Advertisement
Canada markets close in 1 hour 33 minutes
  • S&P/TSX

    22,031.84
    +144.50 (+0.66%)
     
  • S&P 500

    5,431.72
    +56.40 (+1.05%)
     
  • DOW

    38,777.91
    +30.49 (+0.08%)
     
  • CAD/USD

    0.7298
    +0.0027 (+0.37%)
     
  • CRUDE OIL

    78.49
    +0.59 (+0.76%)
     
  • Bitcoin CAD

    95,088.66
    +3,296.84 (+3.59%)
     
  • CMC Crypto 200

    1,425.58
    +30.54 (+2.19%)
     
  • GOLD FUTURES

    2,346.00
    +19.40 (+0.83%)
     
  • RUSSELL 2000

    2,070.84
    +46.49 (+2.30%)
     
  • 10-Yr Bond

    4.2870
    -0.1170 (-2.66%)
     
  • NASDAQ

    17,651.48
    +307.93 (+1.78%)
     
  • VOLATILITY

    12.39
    -0.46 (-3.57%)
     
  • FTSE

    8,215.48
    +67.67 (+0.83%)
     
  • NIKKEI 225

    38,876.71
    -258.08 (-0.66%)
     
  • CAD/EUR

    0.6736
    -0.0028 (-0.41%)
     

Last year tied as world's fifth-warmest on record, U.S. scientists say

By Kate Abnett

BRUSSELS, Jan 12 (Reuters) - Last year was the world's joint-fifth warmest year on record and the last nine years were the nine warmest since pre-industrial times, as climate change continued to raise temperatures and fuel extreme weather, U.S. scientists said on Thursday.

Last year tied with 2015 as the fifth warmest year since record-keeping began in 1880, the U.S. National Oceanic and Atmospheric Administration (NOAA) and NASA said.

That was despite the presence of the La Nina weather pattern in the Pacific Ocean, which generally lowers global temperatures slightly.

The world's average global temperature is now 1.1C to 1.2C higher than in pre-industrial times.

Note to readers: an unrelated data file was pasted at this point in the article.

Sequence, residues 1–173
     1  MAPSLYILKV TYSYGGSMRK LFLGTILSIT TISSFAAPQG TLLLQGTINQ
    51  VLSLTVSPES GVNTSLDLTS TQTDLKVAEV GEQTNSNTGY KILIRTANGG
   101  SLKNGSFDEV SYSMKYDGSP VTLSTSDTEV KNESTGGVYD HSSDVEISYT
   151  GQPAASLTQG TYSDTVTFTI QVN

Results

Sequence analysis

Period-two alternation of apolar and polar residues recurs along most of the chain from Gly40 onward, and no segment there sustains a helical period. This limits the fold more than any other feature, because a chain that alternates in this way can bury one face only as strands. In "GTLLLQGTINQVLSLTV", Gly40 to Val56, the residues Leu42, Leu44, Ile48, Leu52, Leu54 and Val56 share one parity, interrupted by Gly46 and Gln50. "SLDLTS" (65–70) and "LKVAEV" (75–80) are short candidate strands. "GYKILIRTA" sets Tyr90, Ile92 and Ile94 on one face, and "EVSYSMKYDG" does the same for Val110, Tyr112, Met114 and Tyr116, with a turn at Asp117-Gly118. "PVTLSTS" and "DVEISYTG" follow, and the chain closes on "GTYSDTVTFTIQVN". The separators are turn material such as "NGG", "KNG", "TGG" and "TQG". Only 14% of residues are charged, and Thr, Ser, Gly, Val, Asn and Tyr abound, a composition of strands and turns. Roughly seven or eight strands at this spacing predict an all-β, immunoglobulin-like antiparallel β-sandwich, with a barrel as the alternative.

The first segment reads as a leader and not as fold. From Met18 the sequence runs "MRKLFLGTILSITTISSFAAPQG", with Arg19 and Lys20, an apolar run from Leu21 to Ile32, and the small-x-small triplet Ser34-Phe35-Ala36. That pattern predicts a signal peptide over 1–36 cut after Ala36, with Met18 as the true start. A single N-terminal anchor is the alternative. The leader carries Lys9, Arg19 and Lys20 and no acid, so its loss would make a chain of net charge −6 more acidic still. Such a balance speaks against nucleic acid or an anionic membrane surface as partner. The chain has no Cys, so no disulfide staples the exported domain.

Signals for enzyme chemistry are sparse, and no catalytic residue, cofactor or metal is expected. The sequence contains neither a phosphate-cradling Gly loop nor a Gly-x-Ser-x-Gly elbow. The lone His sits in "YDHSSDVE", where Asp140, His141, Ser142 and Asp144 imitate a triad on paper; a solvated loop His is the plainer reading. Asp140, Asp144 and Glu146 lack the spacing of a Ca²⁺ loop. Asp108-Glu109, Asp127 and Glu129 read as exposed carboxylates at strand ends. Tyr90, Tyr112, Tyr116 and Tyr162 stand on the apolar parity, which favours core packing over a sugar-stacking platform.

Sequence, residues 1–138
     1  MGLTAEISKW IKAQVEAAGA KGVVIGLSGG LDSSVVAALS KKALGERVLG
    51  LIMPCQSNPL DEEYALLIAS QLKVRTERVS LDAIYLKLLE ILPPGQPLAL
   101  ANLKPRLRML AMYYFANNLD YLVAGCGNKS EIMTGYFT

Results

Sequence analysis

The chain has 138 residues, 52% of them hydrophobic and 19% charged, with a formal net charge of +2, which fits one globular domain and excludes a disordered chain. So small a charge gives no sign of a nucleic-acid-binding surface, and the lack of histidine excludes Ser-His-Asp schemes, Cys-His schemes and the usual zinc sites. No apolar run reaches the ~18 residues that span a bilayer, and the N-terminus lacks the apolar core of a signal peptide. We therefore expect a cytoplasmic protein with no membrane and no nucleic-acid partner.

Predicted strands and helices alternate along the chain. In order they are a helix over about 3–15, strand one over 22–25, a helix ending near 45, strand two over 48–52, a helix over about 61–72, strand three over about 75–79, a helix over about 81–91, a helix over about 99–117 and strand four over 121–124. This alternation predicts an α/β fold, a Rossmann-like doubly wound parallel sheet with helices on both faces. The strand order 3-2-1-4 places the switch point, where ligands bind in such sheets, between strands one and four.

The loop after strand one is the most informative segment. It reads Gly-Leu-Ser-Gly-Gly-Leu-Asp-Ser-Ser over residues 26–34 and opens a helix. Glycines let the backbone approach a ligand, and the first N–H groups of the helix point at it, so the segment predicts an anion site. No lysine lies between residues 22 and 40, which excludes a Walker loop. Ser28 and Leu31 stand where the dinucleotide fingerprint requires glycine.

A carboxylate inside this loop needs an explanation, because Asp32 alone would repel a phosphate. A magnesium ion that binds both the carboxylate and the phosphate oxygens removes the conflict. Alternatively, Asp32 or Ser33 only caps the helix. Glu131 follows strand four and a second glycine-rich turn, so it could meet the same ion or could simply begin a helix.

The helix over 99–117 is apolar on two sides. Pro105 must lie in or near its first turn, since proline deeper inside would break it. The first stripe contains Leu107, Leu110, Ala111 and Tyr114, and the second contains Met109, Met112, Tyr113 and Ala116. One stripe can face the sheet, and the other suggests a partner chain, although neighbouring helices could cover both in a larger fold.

ADVERTISEMENT

The NOAA-NASA analysis said temperatures were increasing by more than 0.2C per decade, putting the world on track to blow past the 2015 Paris Agreement's goal to limit global warming to 1.5C to avoid its most devastating consequences.

"At the rate that we're going, it's not going to take more than two decades to get us to that. And the only way that we're not going to do that is if we stop putting greenhouse gases into the atmosphere," said Gavin Schmidt, director of the NASA Goddard Institute for Space Studies.

Schmidt said he expected 2023 to be slightly warmer than 2022, due to a weaker La Nina cooling phenomenon.

"The global mean temperature will be even higher in 10 years from now," said ETH Zurich climate scientist Sonia Seneviratne, adding that unless countries stopped burning CO2-emitting fossil fuels temperatures would continue to climb.

WEATHER EXTREMES

The changing climate fuelled weather extremes across the planet in 2022. Europe suffered its hottest summer on record, while in Pakistan floods killed 1,700 people and wrecked infrastructure, drought ravaged crops in Uganda and wildfires ripped through Mediterranean countries.

Despite most of the world's major emitters pledging to eventually slash their net emissions to zero, global CO2 emissions continue to rise.

Concentrations of CO2 in the atmosphere last year reached levels not experienced on earth for 3 million years, Schmidt said.

At this year's COP28 climate conference, countries will formally assess their progress towards the Paris Agreement's 1.5C goal - and the far faster emissions cuts needed to meet it.

COP28 host the United Arab Emirates on Thursday appointed the head of its state-owned oil company as president of the conference, sparking concerns among campaigners and scientists about the fossil fuel industry's influence in the talks.

The NOAA-NASA findings align with separate analysis from European Union scientists, who this week ranked 2022 as the world's fifth warmest year in their records. (Reporting by Kate Abnett; Editing by Alex Richardson)